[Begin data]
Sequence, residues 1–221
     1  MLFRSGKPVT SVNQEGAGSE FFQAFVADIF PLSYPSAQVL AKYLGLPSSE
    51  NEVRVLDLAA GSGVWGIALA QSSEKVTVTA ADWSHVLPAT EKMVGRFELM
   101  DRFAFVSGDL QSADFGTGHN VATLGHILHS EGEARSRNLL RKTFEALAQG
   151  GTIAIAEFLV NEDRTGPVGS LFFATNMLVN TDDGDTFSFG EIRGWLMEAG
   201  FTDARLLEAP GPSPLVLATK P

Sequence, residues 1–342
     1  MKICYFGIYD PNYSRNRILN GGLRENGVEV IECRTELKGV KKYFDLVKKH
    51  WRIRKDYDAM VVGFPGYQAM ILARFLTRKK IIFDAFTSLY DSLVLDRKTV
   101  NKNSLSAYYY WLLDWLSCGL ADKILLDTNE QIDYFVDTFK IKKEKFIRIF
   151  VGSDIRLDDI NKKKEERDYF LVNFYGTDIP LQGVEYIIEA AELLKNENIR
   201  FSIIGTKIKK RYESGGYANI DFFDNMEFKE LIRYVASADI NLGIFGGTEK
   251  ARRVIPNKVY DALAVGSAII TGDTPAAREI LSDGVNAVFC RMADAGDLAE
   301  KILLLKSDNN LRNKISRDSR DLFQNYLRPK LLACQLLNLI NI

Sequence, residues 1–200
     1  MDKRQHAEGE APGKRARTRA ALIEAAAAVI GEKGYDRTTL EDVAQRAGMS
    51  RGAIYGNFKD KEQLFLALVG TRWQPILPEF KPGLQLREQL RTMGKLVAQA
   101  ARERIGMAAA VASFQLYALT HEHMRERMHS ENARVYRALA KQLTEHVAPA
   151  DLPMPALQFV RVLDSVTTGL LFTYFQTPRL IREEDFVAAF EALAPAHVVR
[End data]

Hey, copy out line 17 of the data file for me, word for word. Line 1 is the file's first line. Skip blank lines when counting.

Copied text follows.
    51  RGAIYGNFKD KEQLFLALVG TRWQPILPEF KPGLQLREQL RTMGKLVAQA